CH Smith A
writer and actor, Sandra arrived in Eureka Springs in 1993 after
spending seven years sailing alone from San Francisco to 1837
miles off the Galapagos in her Ericson 35 sailboat. She has
brought back not only art treasures from Mexico and Central
America which adorn the Inn, but also a sense of serene timelessness
which sets the mood at Cliff Cottage Inn.
Elf disguised as Sarah Bernhardt
No newcomer to Bed & Breakfasts, Sandra opened Philadelphia's
very first B&B in 1978 when she was a starving poet reciting
her verses to jazz on a weekly radio show and existing on a
steady diet of raisins and peanuts!
accomplished chef, Sandra learned to cook on an 18th-Century
woodburning stove in the south of France. Her cuisine also reflects
the tastes of Scotland where she studied as a child, and manages
to include a hint of the Tropical flavors she learned to love
while living in Jamaica and traveling around the Caribbean.
She has been a guest chef on a CBS-TV cooking show and her cookbook-memoir,
"A Cook's Tour of Epicuria - One Woman's Adventures"
has become a very popular souvenir for guests to take home as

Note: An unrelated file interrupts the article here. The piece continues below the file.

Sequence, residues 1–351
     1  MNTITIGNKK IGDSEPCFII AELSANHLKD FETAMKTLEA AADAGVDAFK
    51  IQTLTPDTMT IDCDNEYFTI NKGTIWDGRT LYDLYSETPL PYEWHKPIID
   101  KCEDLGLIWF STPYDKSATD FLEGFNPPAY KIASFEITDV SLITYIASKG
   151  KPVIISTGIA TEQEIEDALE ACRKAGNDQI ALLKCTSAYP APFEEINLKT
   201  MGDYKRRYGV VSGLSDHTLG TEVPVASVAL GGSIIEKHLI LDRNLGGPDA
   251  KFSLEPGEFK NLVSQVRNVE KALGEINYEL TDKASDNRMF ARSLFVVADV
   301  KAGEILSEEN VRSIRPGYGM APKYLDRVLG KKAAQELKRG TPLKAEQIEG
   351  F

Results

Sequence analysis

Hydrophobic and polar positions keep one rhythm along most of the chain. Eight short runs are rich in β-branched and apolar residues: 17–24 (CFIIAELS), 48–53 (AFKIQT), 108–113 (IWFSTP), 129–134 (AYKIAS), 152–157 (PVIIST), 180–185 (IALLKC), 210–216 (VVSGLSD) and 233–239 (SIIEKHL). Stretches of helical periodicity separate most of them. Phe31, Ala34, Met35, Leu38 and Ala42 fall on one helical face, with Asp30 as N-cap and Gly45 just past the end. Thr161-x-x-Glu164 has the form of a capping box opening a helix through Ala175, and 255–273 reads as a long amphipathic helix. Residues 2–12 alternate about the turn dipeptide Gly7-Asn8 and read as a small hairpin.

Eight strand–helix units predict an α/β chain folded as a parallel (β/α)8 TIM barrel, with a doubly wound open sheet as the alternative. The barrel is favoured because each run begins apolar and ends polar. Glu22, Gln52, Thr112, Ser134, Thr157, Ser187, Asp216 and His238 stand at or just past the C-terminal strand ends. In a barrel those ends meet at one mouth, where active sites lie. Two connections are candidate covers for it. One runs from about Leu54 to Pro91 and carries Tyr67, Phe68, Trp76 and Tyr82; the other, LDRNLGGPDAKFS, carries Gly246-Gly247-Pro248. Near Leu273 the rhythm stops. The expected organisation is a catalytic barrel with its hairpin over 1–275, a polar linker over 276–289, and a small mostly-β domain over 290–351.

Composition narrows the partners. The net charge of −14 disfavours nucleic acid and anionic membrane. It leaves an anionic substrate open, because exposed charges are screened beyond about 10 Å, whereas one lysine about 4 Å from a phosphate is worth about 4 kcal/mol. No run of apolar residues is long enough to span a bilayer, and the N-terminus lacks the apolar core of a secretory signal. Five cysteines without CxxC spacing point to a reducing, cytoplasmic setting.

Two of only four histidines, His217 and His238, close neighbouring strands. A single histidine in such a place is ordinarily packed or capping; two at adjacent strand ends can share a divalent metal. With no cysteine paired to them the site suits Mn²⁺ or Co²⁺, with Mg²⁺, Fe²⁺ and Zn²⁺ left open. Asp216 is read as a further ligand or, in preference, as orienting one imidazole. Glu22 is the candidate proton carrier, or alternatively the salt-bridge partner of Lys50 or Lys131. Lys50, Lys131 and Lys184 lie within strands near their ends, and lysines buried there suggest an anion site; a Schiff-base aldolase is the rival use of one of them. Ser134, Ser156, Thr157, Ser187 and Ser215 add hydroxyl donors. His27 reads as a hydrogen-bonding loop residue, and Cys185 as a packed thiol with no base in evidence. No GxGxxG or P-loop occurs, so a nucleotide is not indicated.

a memento of their visit.
began her love affair with the Ozarks and specifically, Eureka
Springs, from the moment she arrived....she had sold her boat
in Puerto Vallarta and become a landlubber after a near fatal
accident at sea off Guatemala. While trying to save her boat
from sinking after a temporary crewmember fell asleep at the
helm and broke the boom off, she got the "message"
to "Go to Arkansas!". While the young crewman lay
huddled on the floor, paralyzed by fear, it took Sandra over
4 hours to right the boat and she has since learned this was
something of a miracle. The designer of her Ericson 35, Bruce
King, lost his boat and entire crew in a similar accident. While
sitting in a cafe in Puerto Rico trying to figure out what to
do with the rest of her life, Sandra met some fellows from Springfield,
MO and she told them she was going to Arkansas in a few days
and was that anywhere near Missouri (she had no clue where Arkansas
was located!) They said it was one State away and suggested
she go to Eureka Springs...."there are people like you
up there!" (She didn't know if this was an insult or a
compliment, but decided to make her way to Eureka Springs and
she has been here ever since!)
favorite pastime (besides cooking) is sharing her enthusiasm
for the surroundings with her guests. On cool summer evenings
or brisk winter nights, she may be inspired to share her sea
stories with guests. (While sailing alone, she created the "As
the Anchor Drags Radio Show", reading poetry and stories on
the air to hundreds of Pacific boaters and landlubbers with
VHF radios and managed to read on her radio program the entire
book, "Treasure Island", while in a hurricane hole
in the Sea of Cortez.)
Good Old Days of Bed and Breakfasting